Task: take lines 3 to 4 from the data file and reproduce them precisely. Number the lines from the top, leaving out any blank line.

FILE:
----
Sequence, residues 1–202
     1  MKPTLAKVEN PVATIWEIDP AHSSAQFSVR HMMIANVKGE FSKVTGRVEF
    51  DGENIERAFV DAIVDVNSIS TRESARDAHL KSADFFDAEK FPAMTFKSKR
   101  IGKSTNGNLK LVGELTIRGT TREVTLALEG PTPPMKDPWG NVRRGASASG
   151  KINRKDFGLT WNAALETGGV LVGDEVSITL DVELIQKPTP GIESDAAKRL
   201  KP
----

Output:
    51  DGENIERAFV DAIVDVNSIS TRESARDAHL KSADFFDAEK FPAMTFKSKR
   101  IGKSTNGNLK LVGELTIRGT TREVTLALEG PTPPMKDPWG NVRRGASASG